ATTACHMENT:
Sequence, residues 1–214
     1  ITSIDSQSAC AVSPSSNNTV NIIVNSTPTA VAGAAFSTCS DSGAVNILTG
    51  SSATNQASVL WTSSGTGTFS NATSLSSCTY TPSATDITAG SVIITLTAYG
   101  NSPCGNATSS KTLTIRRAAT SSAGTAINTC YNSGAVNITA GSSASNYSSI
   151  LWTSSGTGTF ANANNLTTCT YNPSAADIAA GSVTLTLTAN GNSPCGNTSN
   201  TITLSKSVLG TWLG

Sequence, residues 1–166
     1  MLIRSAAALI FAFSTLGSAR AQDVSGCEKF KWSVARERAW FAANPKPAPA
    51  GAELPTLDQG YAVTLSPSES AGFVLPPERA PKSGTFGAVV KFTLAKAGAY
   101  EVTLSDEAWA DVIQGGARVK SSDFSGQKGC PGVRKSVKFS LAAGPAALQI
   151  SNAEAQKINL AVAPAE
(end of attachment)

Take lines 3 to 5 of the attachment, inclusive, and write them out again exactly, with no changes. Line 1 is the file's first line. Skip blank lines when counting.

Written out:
    51  SSATNQASVL WTSSGTGTFS NATSLSSCTY TPSATDITAG SVIITLTAYG
   101  NSPCGNATSS KTLTIRRAAT SSAGTAINTC YNSGAVNITA GSSASNYSSI
   151  LWTSSGTGTF ANANNLTTCT YNPSAADIAA GSVTLTLTAN GNSPCGNTSN